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Oration - Eulogy - 1832
John Sergeant - 12/31/1832

John Sergeant (1779-1852) graduated from Princeton (1795) and became a lawyer (1799-1849). Sergeant held many public offices, including: member of the Pennsylvania state house (1808-1810), and member of the U.S. House representing Pennsylvania (1815-1823, 1827-1829, 1837-1841). He was also president of the Pennsylvania state constitutional convention of 1838.

The following eulogy was given on the occasion of the death of Charles Carroll of Carrollton in 1832. Charles Carroll was a signer of the Declaration and was the longest-lived and last surviving signer. WallBuilders’ library has a handwritten letter from Carroll here.


EULOGY

ON

CHARLES CARROLL OF CARROLLTON.

DELIVERED AT THE REQUEST

OF

THE SELECT AND COMMON COUNCILS

OF

THE CITY OF PHILADELPHIA.

December 31st, 1832.

BY JOHN SERGEANT, LL.D.




CORRESPONDENCE.

Philadelphia, January 4, 1833.

Sir,

At a meeting of the City Councils, we had the honour to be appointed a Committee to carry into effect the following joint resolution.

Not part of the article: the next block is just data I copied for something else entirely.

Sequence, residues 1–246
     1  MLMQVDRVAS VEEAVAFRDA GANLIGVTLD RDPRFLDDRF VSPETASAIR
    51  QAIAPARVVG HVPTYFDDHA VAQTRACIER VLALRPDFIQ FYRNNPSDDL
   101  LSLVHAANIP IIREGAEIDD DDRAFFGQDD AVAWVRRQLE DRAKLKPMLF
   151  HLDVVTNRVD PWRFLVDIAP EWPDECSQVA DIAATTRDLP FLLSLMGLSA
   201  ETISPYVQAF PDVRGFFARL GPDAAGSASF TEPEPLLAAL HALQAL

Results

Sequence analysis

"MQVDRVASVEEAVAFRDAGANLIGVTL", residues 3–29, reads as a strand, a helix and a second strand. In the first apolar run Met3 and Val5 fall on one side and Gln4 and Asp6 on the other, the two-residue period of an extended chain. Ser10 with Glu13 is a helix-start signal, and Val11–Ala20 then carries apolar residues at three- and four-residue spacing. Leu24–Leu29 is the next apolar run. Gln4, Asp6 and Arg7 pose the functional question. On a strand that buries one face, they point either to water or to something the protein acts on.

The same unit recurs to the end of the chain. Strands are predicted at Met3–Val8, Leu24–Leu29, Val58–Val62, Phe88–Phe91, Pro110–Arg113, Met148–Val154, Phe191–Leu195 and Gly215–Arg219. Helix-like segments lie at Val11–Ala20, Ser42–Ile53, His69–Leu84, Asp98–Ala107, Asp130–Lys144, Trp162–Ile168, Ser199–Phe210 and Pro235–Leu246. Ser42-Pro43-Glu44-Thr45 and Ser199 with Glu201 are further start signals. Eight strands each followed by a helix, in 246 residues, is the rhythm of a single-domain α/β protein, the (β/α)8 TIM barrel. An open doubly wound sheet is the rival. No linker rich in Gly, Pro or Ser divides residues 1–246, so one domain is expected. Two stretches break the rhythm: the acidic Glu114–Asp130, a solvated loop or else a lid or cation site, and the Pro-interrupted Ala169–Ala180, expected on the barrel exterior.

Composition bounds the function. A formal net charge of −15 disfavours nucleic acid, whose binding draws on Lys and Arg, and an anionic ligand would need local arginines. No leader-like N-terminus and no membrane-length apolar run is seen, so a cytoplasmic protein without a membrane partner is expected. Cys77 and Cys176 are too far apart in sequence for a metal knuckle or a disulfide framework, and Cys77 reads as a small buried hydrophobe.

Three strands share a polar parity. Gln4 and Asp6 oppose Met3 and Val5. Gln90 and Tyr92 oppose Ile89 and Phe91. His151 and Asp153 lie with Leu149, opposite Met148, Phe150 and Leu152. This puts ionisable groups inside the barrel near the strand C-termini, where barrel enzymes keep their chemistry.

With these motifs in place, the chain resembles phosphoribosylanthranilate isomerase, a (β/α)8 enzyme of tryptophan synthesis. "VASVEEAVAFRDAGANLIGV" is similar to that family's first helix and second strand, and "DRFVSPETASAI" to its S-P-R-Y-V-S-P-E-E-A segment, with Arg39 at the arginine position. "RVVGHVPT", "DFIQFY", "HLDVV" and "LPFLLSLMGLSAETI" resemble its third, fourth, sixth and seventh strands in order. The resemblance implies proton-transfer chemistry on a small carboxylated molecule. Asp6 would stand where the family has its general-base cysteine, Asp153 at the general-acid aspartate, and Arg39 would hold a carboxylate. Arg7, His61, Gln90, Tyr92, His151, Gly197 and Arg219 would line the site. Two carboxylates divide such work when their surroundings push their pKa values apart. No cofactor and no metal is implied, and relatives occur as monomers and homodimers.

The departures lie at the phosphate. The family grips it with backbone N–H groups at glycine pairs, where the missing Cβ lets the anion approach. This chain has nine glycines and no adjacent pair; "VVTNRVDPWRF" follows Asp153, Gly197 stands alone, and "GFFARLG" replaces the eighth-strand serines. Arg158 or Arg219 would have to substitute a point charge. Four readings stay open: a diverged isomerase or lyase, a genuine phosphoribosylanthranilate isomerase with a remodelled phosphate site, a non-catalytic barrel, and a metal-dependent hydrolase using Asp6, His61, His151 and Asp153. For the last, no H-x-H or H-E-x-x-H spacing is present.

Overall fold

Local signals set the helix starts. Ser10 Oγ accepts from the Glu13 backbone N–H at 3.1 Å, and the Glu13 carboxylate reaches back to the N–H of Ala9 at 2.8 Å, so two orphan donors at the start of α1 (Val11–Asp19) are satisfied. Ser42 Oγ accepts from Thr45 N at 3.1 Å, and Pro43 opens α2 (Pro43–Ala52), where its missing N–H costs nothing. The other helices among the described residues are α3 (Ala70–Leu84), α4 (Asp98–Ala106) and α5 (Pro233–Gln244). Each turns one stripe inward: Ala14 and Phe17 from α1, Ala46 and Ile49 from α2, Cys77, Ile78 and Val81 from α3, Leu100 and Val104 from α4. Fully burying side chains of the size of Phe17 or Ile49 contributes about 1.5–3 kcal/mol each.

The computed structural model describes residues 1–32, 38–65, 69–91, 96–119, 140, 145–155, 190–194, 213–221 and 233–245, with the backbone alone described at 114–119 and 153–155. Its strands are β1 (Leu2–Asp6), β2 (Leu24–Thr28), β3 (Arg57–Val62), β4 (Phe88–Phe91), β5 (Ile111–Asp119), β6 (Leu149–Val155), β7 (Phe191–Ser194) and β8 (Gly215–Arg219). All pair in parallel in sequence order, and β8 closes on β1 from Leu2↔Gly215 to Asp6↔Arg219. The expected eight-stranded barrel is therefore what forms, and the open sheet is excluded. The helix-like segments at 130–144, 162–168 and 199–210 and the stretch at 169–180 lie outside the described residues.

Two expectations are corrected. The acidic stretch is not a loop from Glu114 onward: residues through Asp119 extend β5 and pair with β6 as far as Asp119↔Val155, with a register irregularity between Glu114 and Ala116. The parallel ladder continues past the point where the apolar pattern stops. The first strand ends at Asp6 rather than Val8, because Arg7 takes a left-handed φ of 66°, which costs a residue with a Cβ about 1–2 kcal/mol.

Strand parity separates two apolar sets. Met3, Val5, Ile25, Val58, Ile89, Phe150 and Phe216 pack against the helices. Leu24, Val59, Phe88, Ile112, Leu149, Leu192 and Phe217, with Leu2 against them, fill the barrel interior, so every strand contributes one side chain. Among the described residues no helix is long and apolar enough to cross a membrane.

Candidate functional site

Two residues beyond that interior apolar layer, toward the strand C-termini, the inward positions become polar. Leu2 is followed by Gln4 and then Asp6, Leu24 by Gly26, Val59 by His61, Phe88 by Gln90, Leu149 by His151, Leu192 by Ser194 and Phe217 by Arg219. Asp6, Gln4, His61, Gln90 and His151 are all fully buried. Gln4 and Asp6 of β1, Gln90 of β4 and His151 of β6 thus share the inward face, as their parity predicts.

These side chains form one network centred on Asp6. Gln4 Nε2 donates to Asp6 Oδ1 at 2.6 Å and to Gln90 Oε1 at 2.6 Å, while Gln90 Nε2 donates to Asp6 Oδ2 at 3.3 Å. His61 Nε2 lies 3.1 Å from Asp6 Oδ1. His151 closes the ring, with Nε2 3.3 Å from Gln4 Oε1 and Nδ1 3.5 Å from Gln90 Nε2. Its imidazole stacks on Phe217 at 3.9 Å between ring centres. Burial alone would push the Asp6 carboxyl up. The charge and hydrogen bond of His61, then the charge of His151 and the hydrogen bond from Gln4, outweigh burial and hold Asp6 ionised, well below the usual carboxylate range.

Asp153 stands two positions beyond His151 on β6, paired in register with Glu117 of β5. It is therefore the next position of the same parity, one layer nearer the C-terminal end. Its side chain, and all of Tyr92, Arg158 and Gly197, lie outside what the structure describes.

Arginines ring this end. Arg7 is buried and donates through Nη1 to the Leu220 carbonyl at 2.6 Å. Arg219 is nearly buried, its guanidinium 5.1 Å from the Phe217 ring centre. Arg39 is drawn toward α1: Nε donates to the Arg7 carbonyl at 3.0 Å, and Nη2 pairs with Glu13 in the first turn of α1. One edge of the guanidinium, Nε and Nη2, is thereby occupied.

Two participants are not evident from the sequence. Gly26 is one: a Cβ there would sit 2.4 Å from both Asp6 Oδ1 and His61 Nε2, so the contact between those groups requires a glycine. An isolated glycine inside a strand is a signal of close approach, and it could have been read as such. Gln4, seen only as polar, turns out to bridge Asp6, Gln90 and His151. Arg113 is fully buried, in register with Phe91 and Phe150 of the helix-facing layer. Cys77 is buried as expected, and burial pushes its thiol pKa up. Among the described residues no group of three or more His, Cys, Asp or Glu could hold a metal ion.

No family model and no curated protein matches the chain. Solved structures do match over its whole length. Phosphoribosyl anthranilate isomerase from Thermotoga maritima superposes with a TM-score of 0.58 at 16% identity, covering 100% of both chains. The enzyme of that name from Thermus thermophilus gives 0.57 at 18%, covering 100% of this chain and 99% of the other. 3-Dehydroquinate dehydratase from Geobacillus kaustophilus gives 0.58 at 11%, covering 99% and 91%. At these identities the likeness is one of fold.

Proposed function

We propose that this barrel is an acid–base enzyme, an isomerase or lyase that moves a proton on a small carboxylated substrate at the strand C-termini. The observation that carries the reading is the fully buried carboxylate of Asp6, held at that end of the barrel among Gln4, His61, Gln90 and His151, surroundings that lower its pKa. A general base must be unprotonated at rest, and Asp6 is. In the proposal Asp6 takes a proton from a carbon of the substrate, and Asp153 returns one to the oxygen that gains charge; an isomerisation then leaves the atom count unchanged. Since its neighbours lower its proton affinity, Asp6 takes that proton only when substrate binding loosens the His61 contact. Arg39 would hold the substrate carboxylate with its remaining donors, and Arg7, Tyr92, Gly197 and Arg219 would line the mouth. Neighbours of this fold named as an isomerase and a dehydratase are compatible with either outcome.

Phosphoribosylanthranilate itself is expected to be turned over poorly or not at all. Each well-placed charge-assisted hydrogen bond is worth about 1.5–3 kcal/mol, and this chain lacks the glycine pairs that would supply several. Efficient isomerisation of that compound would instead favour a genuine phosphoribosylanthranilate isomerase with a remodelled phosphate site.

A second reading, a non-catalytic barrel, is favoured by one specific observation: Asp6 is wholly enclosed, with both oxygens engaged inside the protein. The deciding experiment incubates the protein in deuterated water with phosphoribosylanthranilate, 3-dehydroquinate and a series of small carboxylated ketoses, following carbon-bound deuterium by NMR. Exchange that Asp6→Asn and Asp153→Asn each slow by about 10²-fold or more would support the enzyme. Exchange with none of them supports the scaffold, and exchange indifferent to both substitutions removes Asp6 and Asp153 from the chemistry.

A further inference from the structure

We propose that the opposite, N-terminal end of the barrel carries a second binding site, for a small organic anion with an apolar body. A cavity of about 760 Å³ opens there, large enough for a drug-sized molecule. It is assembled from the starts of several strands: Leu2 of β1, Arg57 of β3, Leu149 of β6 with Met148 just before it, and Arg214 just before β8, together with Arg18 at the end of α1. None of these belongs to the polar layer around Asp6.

Resolved, That the thanks of the Select and Common Councils be presented to the Hon. John Sergeant, for his eloquent Eulogy on the late Charles Carroll of Carrollton, and his exposition of the constitutional terms of our national Union, delivered at the request of Councils, on Monday 31st ultimo, and that a copy there of be requested for publication.

In discharging the pleasing duty thus devolved upon us, and soliciting you to comply with the wishes of the Councils, we use the occasion to add the expression of our admiration for your public and private character, and the assurance of the high respect with which we are,

Your obedient servants,
JOSEPH R. CHANDLER,